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Young Americans

Jenna Bonistalli

Left: Mark is an Open Educational Resource card game centered on early modern printers’ marks. Logo by Amy Chen, founder of Human(ities) Game Lab. Right: A mobius strip from Emily Martin’s artist’s book what Desdemona Never Says, Naughty Dog Press, 2014.

Friday, October 26. “Teaching Materials: Book Arts, Card Games, & the Social Life of Early Modern Texts,” Margaret Sheppard ✧ “Youth Voices and Printing at the Phoenix Indian School,” E. Haven Hawley ✧ “Presence, Intimacy, and Rag Paper in 19th-Century America,” Jonathan Senchyne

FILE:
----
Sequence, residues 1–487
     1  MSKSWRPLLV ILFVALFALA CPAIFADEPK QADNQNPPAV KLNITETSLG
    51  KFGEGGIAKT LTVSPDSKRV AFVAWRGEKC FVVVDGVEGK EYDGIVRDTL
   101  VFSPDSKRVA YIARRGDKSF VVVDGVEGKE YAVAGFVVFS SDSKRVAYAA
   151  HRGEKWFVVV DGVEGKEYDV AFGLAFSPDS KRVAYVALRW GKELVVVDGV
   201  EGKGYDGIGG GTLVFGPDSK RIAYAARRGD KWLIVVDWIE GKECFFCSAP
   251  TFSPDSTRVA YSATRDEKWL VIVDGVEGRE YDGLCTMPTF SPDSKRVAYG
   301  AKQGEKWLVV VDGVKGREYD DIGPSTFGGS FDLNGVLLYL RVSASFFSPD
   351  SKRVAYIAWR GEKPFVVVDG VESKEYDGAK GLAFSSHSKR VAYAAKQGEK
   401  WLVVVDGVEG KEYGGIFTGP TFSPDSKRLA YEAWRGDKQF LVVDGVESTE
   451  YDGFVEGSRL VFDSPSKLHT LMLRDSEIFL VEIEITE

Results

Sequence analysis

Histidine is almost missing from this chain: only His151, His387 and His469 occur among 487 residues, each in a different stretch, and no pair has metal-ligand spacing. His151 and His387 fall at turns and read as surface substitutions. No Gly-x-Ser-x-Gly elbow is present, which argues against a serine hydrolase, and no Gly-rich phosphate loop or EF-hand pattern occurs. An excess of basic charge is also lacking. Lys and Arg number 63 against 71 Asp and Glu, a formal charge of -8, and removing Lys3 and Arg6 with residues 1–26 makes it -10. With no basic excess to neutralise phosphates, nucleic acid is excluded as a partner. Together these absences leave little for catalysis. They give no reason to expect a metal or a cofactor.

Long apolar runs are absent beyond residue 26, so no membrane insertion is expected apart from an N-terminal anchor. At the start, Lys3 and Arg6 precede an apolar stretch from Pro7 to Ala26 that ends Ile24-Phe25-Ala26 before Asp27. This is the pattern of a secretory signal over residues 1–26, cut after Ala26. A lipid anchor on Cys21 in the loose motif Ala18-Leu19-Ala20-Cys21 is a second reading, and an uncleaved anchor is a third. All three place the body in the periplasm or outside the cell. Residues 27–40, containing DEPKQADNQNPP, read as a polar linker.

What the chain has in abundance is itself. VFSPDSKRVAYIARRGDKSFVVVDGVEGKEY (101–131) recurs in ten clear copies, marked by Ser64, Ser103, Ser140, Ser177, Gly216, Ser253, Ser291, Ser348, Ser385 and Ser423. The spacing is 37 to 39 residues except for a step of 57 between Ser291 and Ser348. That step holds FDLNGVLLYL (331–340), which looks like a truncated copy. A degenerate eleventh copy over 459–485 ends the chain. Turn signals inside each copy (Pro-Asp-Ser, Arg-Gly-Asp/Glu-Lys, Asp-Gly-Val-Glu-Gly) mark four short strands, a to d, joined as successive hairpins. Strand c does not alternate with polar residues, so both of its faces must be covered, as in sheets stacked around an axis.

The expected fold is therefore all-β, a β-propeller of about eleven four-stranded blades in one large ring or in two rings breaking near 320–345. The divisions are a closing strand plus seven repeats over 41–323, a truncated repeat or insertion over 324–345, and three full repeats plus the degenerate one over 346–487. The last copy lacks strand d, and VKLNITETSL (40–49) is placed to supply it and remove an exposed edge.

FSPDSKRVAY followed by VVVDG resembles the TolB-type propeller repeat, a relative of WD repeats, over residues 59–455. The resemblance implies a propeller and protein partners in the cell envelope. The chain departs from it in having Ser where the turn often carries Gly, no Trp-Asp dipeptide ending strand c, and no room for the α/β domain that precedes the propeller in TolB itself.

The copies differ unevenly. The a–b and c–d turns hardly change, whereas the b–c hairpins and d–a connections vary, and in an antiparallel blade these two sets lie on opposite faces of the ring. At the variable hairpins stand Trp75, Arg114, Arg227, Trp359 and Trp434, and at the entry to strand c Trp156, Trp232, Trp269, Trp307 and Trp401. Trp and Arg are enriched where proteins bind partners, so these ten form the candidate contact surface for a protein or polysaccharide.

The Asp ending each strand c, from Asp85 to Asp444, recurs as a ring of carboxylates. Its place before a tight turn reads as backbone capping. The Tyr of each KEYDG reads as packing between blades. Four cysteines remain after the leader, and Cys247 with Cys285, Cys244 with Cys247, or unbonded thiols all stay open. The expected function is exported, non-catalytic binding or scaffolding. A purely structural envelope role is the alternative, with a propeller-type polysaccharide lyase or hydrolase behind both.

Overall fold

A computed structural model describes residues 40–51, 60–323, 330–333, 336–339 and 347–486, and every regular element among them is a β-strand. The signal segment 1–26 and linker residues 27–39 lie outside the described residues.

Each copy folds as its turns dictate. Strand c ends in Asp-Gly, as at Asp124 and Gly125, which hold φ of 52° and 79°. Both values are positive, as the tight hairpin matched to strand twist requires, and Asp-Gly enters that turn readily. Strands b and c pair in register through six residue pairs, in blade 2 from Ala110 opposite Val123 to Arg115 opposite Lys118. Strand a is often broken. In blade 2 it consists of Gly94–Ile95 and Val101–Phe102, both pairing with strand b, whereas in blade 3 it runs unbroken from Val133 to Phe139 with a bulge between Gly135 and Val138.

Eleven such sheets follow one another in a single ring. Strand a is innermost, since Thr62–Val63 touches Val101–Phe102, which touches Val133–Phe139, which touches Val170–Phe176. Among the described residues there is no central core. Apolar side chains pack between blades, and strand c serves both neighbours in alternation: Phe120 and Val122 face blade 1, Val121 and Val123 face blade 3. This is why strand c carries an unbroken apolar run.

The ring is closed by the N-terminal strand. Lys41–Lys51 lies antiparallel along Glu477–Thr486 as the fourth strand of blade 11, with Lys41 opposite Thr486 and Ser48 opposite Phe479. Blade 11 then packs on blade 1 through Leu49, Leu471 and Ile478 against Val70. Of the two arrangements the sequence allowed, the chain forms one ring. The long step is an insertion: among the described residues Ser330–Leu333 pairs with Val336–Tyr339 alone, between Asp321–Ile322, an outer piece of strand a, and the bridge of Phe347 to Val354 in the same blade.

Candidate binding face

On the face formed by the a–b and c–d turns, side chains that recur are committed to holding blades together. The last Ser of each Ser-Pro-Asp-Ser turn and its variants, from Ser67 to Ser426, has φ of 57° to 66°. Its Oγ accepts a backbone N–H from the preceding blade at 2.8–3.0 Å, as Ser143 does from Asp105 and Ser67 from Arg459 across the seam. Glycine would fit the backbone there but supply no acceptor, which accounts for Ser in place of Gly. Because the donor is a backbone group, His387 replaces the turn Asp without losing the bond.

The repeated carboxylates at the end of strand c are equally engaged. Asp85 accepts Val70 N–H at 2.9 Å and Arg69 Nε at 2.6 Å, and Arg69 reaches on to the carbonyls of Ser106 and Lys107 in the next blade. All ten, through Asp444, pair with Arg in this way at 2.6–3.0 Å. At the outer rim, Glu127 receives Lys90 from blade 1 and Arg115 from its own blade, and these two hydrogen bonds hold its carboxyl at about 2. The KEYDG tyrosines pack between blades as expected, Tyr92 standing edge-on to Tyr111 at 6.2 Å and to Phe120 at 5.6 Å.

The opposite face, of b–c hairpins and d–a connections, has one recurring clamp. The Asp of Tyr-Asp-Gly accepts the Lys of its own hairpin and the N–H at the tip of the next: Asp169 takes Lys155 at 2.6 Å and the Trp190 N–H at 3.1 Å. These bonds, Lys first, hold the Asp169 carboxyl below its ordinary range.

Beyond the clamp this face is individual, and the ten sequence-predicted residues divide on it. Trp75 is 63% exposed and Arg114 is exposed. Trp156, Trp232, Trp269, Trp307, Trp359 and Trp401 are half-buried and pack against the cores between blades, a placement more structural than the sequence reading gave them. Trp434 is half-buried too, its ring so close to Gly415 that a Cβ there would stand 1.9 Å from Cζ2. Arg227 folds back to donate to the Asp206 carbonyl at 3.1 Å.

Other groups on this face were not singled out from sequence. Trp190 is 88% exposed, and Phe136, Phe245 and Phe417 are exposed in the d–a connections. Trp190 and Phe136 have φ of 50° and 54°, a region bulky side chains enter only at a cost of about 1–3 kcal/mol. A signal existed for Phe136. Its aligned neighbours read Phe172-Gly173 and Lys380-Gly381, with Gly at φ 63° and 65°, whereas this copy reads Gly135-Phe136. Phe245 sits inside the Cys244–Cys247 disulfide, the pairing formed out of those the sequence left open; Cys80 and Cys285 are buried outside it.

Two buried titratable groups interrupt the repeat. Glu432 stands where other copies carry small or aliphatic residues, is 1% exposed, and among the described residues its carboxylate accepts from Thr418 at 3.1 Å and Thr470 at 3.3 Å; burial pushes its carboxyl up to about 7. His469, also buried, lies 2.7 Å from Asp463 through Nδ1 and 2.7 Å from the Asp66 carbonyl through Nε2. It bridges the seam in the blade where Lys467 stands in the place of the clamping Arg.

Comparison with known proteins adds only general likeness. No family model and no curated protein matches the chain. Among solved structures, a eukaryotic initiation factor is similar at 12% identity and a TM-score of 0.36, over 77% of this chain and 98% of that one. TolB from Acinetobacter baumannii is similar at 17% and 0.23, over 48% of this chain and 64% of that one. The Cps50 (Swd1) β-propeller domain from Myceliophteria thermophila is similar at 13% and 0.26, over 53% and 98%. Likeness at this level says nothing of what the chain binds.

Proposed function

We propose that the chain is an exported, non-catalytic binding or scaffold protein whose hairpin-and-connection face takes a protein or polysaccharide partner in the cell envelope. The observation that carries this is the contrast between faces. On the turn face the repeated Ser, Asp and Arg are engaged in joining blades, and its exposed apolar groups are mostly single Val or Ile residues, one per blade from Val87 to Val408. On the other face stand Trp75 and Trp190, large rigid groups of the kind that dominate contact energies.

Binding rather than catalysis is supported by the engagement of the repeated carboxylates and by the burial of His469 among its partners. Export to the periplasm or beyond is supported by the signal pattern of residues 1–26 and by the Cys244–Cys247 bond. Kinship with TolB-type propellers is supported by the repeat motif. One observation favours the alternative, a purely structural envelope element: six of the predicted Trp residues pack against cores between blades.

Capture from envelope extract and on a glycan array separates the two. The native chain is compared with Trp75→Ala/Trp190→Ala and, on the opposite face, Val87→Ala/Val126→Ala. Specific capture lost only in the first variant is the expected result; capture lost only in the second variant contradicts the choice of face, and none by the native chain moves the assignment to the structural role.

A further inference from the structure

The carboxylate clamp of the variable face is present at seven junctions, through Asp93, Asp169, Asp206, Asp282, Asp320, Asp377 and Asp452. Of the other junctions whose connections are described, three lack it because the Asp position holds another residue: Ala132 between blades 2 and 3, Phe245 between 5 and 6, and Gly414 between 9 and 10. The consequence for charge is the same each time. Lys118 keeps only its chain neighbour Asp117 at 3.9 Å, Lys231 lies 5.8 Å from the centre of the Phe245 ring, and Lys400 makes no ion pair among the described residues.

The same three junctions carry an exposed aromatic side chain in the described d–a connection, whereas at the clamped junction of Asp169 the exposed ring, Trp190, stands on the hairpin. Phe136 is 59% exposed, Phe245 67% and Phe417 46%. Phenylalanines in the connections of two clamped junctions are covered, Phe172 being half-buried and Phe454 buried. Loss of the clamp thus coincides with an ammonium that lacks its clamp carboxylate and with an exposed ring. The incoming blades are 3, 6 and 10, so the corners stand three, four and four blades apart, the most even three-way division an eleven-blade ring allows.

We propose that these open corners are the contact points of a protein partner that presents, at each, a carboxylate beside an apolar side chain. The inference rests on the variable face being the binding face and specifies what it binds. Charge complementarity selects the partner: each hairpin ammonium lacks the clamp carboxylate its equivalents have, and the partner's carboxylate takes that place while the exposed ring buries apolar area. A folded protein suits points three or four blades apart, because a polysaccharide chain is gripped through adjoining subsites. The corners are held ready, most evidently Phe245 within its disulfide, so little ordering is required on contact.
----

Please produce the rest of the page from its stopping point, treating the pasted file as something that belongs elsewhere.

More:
Ms. Sheppard discussed the premise of books as inherently social objects and the promise of “doing rather than thinking” to better understand the social lives of book materials. She discussed empirical bibliographies (“the very act of turning the page can prompt reflection”), artist books (“performance rendered in print”) and card games (“adaptability, portability, collaboration”) as modalities for learning about the past as well as discussing our own “material moment” in the digital age. She showed examples such as where tactility lies in the digital interface itself, opening new, oblique perspectives and modes of navigation. Her work around an open source educational resource—the card game MARK—prompted much interest and many questions.  [Read more]